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Anti bullying week

posted 17 Nov 2016, 11:16 by Danny Mizon   [ updated 18 Nov 2016, 03:51 by Dave Evans ]

This is national anti-bullying week, and so earlier this week I led a whole-school assembly in which we explored some key issues. 

I was interested to know if the children understood what is really meant by bullying and was very impressed that so many of them knew that bullying has three elements to it:

• The unwelcome behaviour needs to be intentional;
• It needs to be hurtful; 
• It needs to happen more than once. 

The children also understood that bullying behaviour can come from one person, two people or a group of people, and that the target can also be a group as well as an individual. 

Equally, the children had a very good understanding that bullying can take the shape of physical behaviour (such as hitting, kicking or pushing, for example), unkind words and also looks or even body language (repeatedly turning you back on someone can e hurtful…) The  children are aware of the issue of cyber-bullying – bullying by social media – as well.  

In our assembly, I explained that sometimes it is possible to hurt someone physically, or to hurt their feelings, yet for this not to amount to bullying. If we hurt another person by accident that is not bullying; if we lose our temper and say something unkind to a friend, that is not bullying either. It is possible for any of us sometimes to behave in a rude or hurtful way – it is wrong, and in school it may require the adults to step in and correct the behaviour – but it is not yet bullying. 

So for us to see it as bullying, we have to see hurtful behaviour that is happening more than once.  At Ringmer we don’t see very much bullying, but when we do see it, we act robustly to set clear boundaries and to protect other children. Children showing bullying behaviour can often be vulnerable themselves for various reasons, and we will often work with them to help them show more positive behaviour. 

In the assembly we also talked about what our response to bullying should be. I explained that as Headteacher, I DO want to see children stand up for themselves and for one another, but I DON’T want them to respond to something hurtful by retaliating. Two wrongs don’t make a right… the children know that if they think they are being bullied, they are allowed to firmly tell the other child that their behaviour is unwelcome and they should stop. They also need to tell an adult – preferably in school but if not then at home, so that you can be their voice. I also explained that if they retaliate and hurt back, it is not always easy to work out who is at fault!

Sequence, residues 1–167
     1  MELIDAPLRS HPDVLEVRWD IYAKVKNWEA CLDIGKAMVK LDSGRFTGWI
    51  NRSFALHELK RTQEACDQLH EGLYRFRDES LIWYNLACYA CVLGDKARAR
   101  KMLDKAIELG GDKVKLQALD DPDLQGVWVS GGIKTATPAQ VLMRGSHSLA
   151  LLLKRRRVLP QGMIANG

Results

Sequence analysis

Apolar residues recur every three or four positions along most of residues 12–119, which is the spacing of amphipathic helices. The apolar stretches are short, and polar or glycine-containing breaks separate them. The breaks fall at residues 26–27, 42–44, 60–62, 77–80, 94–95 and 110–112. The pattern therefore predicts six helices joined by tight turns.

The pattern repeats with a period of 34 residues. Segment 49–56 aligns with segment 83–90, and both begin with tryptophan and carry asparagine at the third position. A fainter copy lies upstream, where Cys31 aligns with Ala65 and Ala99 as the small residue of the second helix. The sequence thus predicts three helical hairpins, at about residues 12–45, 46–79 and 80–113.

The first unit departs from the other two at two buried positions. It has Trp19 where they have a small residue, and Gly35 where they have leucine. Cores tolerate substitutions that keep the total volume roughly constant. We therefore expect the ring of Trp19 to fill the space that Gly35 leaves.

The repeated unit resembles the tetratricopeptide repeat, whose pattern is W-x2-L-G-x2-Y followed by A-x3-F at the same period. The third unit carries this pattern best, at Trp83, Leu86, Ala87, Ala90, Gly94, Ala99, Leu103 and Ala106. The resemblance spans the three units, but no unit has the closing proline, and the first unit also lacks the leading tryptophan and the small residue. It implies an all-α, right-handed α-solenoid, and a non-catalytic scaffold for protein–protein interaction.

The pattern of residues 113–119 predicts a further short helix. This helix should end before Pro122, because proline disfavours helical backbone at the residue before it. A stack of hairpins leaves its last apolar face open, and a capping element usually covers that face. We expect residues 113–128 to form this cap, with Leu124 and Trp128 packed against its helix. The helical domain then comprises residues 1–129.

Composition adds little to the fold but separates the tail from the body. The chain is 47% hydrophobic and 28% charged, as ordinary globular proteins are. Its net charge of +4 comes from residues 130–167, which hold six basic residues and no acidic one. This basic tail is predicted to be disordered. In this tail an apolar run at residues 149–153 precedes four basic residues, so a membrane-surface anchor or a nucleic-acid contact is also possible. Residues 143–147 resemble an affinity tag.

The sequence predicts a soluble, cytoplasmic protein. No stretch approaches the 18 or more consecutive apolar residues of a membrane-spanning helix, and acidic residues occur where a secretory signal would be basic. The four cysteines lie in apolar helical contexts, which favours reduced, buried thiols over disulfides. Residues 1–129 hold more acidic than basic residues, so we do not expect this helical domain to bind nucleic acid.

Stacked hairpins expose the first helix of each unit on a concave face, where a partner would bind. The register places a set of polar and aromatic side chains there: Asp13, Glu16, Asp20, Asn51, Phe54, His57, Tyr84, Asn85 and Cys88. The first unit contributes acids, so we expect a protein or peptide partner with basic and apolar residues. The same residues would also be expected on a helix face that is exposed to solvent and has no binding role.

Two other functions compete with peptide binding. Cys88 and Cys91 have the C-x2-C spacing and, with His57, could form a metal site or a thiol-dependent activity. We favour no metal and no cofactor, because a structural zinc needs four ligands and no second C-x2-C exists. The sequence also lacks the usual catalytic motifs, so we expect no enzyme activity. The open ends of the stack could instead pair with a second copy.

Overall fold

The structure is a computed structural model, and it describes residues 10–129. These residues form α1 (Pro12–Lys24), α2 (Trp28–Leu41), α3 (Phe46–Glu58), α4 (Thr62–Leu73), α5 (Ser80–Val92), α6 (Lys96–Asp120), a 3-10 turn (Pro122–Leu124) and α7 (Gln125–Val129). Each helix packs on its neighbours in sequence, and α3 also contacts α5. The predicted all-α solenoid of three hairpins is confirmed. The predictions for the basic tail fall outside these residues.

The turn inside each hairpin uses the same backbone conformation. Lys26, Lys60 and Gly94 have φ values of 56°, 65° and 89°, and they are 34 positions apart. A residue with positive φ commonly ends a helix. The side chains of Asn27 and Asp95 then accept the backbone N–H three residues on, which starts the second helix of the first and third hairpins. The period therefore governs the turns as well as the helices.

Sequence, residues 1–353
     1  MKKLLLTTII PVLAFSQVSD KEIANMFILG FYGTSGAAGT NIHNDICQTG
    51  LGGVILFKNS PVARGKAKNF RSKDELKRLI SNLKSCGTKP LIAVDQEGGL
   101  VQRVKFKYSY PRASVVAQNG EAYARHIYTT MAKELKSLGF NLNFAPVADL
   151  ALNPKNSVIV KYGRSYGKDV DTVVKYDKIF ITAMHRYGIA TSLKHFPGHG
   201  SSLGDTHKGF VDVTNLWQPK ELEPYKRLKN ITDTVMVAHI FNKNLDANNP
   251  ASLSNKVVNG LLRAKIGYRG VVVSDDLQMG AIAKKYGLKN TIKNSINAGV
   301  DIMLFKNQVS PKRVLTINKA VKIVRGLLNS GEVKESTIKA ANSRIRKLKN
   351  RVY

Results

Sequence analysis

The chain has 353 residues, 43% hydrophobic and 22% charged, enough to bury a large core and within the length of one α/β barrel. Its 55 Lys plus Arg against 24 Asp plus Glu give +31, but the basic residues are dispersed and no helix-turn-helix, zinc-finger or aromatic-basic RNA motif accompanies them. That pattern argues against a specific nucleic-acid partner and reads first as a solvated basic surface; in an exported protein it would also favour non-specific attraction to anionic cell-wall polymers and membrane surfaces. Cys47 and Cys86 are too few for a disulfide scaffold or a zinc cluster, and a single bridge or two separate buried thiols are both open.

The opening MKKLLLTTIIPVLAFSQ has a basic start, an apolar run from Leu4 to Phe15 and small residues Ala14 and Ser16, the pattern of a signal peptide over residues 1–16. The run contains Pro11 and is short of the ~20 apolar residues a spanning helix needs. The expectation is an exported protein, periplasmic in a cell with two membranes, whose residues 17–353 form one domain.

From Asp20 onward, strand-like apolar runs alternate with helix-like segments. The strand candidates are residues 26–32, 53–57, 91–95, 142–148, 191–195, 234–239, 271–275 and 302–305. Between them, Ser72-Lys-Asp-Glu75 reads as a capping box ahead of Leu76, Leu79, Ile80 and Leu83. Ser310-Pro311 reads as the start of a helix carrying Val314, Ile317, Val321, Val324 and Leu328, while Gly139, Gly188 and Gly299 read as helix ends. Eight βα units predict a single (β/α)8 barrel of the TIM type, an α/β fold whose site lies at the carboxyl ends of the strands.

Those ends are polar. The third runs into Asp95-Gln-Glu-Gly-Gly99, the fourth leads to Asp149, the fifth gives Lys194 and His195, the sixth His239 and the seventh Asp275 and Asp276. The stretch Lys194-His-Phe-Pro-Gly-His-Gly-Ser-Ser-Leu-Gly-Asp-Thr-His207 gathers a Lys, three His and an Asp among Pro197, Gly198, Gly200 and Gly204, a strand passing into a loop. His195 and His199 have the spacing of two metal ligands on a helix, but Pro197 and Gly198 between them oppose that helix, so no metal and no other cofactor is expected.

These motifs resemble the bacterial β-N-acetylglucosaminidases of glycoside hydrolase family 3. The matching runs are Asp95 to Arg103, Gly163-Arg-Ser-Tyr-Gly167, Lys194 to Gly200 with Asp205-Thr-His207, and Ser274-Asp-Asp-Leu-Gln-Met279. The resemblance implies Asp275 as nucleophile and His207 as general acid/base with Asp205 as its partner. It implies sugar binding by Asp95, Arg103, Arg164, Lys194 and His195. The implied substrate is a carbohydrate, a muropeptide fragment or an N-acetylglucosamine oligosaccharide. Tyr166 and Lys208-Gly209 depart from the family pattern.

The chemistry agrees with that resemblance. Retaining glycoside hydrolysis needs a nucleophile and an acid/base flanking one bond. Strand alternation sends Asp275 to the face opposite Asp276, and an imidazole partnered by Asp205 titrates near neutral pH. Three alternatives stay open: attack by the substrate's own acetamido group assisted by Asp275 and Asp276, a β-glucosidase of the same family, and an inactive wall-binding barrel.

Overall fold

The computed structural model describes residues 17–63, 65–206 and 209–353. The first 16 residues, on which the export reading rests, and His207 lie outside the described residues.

One important aspect of this year's anti-bullying week is the 'Power for Good' - in other words that we can make another person happy by a kind word or a good deed. Always a positive message!

You might like to see the anti-bullying week PowerPoint that I used in my assembly – it can be found under the Safeguarding tab on this website. By all means use this to debate the issues around bullying with your children – you might be surprised and pleased to find out how much they know and understand.

The children will also be doing follow up work in class and in fact I will be staying with the anti-bullying theme over the next two weeks as well, exploring ideas of diversity and encouraging the children to value one another as individuals. In our school the behaviour of the children is very good and we do not experience high levels of poor behaviour or bullying: I hope that by doing this sort of work with the children in anti-bullying week, we will give them the strategies to deal with it, if they find themselves at the wrong end of unkind behaviour.

Danny Mizon,
17 Nov 2016, 11:23